NAR Tech Survey Highlights Missed Opportunities

Gaps in practitioners’ tech usage point out great ways to bolster your competitiveness.

June 1, 2004

The detailed findings of the recently released REALTORS® and Technology: The 2004 NATIONAL ASSOCIATION OF REALTORS® Technology Impact Survey Report serve up practical insights on ways real estate professionals can invest in technology to improve service and boost productivity. The results also highlight some missed opportunities and emerging technologies more practitioners could embrace as components of a tech strategy.

The Personal Computer

Nearly all respondents to the survey (97 percent) say they use a PC in their work. Surprisingly, though, just over half (52 percent) say they own or use a notebook PC in this highly mobile profession.

The prevailing wisdom on all tech tools is that if you’ve had your equipment for more than two years, it’s probably worth the expense of upgrading to a new model. For the 32 percent of respondents who’ve had their computers two or more years, and the 16 percent who already plan to buy a new PC within the year, a notebook might make the most sense as their next computer.

Notebook prices have fallen as performance and screen quality have improved, and the expanding network of Wi-Fi hot spots for wireless networking and Internet connections make notebooks an attractive solution for all computer users. If it’s a notebook’s compact keyboard and layout that have steered you to desktop systems, you can always plug in a full-size keyboard into your notebook’s USB port for more comfortable typing.

With a notebook, you’ll enjoy greater mobility than a desktop and convenient access to the Web, wherever Wi-Fi is available. The notebook’s large screen size also makes it easy for practitioners to view Web pages from the field.

The PDA

  • According to the survey, only 6 percent of Web-enabled phone users and 7 percent of PDA owners use their handhelds for Web access. It could be that the screen is simply too small for comfortable browsing.
  • As far as handheld equipment goes, almost half of survey respondents (48 percent) indicate they plan to replace their mobile phone in the coming year. Another 22 percent of PDA users also are considering trading in their unit for something new.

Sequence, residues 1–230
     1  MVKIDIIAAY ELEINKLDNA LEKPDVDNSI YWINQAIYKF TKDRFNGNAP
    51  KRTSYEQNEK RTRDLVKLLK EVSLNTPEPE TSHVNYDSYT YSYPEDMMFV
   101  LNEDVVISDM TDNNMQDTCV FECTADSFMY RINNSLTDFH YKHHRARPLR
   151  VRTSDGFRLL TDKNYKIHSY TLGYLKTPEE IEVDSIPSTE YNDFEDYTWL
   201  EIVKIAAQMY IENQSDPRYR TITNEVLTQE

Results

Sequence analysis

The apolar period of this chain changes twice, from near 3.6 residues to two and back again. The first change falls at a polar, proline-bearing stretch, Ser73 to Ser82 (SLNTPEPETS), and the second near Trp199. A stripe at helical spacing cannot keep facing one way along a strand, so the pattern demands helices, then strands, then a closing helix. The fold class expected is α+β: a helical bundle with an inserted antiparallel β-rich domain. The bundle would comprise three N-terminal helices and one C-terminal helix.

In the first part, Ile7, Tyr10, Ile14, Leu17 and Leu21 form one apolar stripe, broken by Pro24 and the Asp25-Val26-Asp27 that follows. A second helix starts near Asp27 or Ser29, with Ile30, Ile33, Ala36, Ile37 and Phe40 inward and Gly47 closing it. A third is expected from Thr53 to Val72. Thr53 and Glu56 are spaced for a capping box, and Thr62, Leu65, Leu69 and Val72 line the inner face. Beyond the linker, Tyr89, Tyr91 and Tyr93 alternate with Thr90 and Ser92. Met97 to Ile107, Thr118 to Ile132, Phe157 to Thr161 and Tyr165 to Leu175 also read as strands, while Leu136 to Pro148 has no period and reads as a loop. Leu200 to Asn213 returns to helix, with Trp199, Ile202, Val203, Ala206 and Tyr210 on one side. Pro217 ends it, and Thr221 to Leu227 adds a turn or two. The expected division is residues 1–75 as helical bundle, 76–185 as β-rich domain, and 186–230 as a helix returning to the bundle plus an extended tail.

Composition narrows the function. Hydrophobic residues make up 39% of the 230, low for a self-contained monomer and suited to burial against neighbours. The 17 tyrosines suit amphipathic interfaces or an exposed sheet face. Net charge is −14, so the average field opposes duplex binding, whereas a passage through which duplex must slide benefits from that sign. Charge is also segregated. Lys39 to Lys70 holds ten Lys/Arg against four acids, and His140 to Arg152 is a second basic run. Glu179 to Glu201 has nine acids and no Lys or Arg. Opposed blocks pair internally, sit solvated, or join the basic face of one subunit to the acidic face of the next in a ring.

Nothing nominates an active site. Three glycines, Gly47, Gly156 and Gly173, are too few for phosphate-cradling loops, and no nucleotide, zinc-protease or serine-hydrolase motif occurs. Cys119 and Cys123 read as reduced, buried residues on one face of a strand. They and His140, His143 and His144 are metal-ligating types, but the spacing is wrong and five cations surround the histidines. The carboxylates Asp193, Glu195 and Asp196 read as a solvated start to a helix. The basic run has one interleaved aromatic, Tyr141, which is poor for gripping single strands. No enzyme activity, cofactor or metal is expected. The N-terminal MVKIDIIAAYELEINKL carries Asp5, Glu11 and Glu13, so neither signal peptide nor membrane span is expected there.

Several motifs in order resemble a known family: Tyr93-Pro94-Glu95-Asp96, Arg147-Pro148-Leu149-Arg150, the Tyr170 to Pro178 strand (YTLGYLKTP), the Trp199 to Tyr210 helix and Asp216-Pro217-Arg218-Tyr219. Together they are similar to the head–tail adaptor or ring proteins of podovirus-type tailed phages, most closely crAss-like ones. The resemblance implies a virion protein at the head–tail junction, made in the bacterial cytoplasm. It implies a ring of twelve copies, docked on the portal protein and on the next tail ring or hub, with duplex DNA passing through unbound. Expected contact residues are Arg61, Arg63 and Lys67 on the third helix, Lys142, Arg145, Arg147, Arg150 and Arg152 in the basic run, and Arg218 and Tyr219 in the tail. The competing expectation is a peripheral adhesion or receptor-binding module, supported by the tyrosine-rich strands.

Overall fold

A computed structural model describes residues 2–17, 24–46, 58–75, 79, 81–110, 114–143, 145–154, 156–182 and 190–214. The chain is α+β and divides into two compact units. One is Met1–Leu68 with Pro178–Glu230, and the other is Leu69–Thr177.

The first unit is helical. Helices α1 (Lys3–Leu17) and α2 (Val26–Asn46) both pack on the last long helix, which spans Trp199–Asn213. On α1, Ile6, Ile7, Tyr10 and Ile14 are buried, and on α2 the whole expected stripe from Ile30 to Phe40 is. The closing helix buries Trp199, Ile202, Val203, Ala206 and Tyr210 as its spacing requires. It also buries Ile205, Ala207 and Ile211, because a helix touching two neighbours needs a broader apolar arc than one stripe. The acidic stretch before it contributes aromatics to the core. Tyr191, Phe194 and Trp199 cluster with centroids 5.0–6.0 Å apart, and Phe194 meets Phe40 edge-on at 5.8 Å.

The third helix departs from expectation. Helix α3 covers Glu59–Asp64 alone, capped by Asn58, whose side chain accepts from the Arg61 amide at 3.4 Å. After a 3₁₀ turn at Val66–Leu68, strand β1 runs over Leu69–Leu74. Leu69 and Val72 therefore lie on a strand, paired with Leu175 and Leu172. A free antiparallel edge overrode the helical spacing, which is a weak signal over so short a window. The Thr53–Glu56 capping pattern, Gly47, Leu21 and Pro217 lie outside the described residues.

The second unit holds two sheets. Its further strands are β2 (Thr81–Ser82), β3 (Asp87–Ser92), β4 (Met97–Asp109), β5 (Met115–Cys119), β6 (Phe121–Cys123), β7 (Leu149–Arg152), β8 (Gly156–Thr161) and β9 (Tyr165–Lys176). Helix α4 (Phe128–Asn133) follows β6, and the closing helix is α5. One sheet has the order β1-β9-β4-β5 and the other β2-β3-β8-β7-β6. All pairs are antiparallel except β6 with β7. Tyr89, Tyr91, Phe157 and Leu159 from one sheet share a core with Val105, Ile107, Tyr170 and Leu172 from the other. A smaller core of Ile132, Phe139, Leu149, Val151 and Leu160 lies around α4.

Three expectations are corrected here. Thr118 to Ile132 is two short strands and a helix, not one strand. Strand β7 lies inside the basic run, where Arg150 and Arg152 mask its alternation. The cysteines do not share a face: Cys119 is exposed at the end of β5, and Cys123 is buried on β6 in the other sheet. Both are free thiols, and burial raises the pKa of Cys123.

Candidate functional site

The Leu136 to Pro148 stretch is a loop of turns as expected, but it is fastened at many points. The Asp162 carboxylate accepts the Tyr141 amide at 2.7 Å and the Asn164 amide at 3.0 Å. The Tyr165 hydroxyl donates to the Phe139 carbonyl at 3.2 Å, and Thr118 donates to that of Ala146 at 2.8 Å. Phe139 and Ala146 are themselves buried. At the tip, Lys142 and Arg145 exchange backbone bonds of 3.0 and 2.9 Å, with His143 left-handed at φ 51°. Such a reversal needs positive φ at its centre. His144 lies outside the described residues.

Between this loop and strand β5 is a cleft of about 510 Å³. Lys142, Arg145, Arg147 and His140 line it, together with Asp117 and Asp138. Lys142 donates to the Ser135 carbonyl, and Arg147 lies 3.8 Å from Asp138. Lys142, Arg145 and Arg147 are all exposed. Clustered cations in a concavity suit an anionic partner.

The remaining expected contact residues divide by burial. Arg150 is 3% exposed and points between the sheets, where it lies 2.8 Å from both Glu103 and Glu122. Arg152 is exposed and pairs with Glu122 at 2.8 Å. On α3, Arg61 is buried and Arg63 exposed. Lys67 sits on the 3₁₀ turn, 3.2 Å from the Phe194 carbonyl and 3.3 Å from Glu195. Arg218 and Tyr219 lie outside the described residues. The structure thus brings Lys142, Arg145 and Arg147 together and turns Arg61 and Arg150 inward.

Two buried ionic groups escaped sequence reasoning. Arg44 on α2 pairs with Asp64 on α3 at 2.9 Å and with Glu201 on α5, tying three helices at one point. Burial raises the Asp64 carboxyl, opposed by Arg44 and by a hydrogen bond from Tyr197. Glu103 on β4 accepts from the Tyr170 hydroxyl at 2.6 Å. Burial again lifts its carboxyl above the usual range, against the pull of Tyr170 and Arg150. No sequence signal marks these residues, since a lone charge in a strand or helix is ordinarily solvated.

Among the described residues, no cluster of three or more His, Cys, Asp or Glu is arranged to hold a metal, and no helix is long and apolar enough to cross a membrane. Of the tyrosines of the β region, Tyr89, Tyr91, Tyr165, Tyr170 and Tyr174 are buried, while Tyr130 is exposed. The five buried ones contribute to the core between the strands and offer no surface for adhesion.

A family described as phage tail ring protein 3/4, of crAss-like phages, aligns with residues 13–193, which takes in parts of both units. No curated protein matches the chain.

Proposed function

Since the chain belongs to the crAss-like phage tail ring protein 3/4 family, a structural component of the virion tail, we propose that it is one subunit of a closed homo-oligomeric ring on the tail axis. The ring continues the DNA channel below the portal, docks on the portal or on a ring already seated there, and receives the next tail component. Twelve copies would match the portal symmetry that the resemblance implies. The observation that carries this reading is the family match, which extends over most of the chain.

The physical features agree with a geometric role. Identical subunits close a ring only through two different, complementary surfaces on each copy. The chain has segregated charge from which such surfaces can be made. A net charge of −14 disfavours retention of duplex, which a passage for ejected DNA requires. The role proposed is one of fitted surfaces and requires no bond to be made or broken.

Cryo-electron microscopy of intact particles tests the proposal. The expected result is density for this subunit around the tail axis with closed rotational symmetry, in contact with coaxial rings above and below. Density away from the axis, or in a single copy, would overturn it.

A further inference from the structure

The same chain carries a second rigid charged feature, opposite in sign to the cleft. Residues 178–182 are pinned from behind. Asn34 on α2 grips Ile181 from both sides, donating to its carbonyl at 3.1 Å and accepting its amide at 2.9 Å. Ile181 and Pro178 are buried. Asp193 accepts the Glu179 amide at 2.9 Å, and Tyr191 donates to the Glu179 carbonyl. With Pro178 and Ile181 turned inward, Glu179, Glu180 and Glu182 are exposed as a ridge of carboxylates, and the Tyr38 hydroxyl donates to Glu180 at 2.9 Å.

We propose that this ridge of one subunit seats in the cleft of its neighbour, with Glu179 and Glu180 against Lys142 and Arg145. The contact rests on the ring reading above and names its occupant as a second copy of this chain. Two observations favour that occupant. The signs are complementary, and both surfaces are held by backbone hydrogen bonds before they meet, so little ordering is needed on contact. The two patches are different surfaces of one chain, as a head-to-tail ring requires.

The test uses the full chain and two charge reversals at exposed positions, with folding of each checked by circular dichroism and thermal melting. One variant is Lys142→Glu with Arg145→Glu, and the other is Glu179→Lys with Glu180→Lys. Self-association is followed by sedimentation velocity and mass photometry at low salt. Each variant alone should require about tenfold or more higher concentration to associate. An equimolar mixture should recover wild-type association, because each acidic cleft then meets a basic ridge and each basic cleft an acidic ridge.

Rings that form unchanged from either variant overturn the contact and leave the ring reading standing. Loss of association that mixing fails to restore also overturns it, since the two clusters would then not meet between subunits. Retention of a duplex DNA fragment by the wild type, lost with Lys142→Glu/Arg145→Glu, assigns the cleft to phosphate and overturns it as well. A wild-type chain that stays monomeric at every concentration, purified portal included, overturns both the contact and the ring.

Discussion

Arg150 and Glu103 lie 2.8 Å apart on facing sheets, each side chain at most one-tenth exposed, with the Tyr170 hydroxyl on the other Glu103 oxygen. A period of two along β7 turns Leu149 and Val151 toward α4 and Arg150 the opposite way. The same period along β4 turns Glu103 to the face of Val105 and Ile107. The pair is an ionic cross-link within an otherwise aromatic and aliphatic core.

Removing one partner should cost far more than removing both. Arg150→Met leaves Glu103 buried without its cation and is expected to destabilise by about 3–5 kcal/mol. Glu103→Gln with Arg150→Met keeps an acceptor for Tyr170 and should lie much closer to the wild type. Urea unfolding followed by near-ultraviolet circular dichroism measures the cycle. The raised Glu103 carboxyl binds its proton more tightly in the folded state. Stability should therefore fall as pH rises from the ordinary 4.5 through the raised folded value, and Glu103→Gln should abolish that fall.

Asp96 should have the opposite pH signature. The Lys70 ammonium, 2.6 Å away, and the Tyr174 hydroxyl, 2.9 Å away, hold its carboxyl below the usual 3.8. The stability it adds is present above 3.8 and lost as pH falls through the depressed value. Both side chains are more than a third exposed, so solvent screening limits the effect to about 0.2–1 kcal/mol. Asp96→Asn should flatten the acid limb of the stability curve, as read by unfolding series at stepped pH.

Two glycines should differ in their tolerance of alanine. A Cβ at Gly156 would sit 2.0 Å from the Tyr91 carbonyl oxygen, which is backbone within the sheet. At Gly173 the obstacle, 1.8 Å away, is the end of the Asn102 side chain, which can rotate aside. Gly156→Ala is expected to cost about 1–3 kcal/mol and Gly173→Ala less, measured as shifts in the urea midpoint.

If you’re in the market for a mobile handheld solution this year, the wise choice may be to purchase some form of multifunction device, possibly even a smartphone, which typically include built-in cameras, multimedia messaging [MMS], and have PDA operating systems, such as Palm and PocketPC.

Look for equipment that allows you to do more while carrying less. Most PDA owners carry their handhelds for basic functions: storing contact records (cited by 96 percent); maintaining a calendar or schedule (82 percent); and recording notes (55 percent). These are now core features of any multifunction phone or PDA communicator.

E-mail and Instant Messaging

You’ll want more than voice calling in your mobile communications options.

Today’s practitioners can be considered heavy users of e-mail: Nearly all of the survey respondents (99 percent) report using e-mail to conduct at least some of their communication with clients, while 47 percent of respondents say they rely on it for more than 25 percent of their communications with clients now. Not nearly as popular yet, but certainly an option you can expect to use in the future, is instant messaging or text messaging. Among survey respondents, 19 percent report they’ve used instant messaging (on the computer), while 21 percent have used instant text messaging (on cell phones).